Summer Scholars Program at LSUS will offer high school students early exposure to college classes

Southwood High School student Kaleb Buntyn participated in the Summer Scholars pilot program at LSU Shreveport this year.

LSU Shreveport will give area high school students a path to college and careers with the Summer Scholars Program.

The university piloted the program this summer with freshman-level math and English classes. In 2024, the Summer Scholars Program will offer rising high school juniors and seniors a choice of criminal justice or nonprofit administration classes. Students will be able to earn up to six college credits.

Kaleb Buntyn, a junior at Southwood High School in Shreveport participated in the pilot this summer. He says the chance to earn college credit is worth the work.

He took an English class and a math class while his peers were practicing football and hanging out over the summer. It was an eye-opening experience.

“They’re not going to hold your hand in college,” he said. “You have to be more accountable than in high school. If you don’t have great study habits or a great study mindset, you’ll fall behind. You have to be focused at all times.”

He says the professors and graduate assistants were helpful, taking time during each class to answer questions and make sure students understood the material.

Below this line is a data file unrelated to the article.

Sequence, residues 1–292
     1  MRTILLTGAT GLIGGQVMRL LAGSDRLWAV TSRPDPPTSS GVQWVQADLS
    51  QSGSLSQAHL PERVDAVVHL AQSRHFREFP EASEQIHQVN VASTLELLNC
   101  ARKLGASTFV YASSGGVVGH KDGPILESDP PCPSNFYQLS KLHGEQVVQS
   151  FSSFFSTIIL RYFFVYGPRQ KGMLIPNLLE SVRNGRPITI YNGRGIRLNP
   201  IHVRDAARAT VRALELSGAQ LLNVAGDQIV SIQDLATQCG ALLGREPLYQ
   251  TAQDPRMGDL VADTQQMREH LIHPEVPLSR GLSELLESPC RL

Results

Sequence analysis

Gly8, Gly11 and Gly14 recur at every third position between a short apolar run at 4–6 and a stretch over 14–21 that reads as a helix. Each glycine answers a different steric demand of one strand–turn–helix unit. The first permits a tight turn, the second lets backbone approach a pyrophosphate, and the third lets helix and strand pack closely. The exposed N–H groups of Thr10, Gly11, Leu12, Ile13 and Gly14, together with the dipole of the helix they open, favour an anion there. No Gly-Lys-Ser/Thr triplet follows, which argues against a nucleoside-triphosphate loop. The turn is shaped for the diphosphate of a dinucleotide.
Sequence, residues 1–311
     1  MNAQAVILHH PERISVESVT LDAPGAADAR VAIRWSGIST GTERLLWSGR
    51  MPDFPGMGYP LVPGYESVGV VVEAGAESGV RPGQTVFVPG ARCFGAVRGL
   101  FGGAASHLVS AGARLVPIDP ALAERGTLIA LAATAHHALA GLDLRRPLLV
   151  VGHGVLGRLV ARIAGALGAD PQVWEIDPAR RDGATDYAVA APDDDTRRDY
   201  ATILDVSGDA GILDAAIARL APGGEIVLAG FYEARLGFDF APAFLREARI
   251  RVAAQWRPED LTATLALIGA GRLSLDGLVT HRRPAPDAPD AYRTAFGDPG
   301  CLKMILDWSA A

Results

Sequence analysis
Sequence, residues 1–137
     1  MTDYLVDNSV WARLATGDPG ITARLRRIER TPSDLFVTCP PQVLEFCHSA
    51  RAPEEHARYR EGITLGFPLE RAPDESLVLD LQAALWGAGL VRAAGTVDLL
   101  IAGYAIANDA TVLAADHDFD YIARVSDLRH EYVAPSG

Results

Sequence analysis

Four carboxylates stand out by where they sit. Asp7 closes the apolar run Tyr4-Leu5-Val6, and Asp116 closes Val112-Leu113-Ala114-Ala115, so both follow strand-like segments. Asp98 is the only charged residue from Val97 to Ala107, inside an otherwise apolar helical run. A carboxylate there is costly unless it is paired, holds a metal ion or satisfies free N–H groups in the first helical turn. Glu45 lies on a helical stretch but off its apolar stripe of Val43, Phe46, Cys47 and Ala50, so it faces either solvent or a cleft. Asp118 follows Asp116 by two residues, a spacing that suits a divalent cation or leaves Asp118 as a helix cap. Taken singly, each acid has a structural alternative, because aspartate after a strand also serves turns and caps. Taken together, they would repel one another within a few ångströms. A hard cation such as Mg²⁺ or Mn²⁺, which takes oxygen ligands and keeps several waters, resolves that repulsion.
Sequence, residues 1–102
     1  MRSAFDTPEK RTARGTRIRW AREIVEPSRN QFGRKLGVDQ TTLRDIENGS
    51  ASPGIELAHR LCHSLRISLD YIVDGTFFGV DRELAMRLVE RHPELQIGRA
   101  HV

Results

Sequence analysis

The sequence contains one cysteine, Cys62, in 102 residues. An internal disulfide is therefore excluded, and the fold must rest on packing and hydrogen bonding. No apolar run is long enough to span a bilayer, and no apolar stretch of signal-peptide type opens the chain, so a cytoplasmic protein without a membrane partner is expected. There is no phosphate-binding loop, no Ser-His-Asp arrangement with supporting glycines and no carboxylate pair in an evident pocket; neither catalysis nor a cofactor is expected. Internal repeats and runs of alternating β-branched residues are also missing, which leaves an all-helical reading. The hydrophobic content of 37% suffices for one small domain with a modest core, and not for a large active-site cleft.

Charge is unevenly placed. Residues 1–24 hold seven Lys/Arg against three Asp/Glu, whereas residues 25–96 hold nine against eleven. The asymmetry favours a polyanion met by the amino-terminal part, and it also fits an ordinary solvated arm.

“It’s a great support system,” Kaleb said.

He plans to become a neuroscientist, so he’s preparing for a lot more math and science in the future. He plans to pursue dual enrollment classes during his junior and senior years of high school.

“Someone in my family has been affected by seizures, so I want to learn how the brain works and how I can make a difference for that,” Kaleb said.

The Summer Scholars Program will complement existing dual enrollment and advanced placement classes available at area high schools.

Dr. Elisabeth Liebert said the program is a way to connect with students as they’re preparing for life after graduation from high school.

“We hope to find students who don’t think of themselves as necessarily college bound,” Dr. Liebert said. “Once they have some college credit under their belts they might go back and take dual enrollment if it’s available at their school.”

Funding from the LSUS Foundation and the Noel Foundation will provide scholarships to help offset the cost of tuition for participating students.

“We don’t want there to be any barriers,” Dr. Liebert said.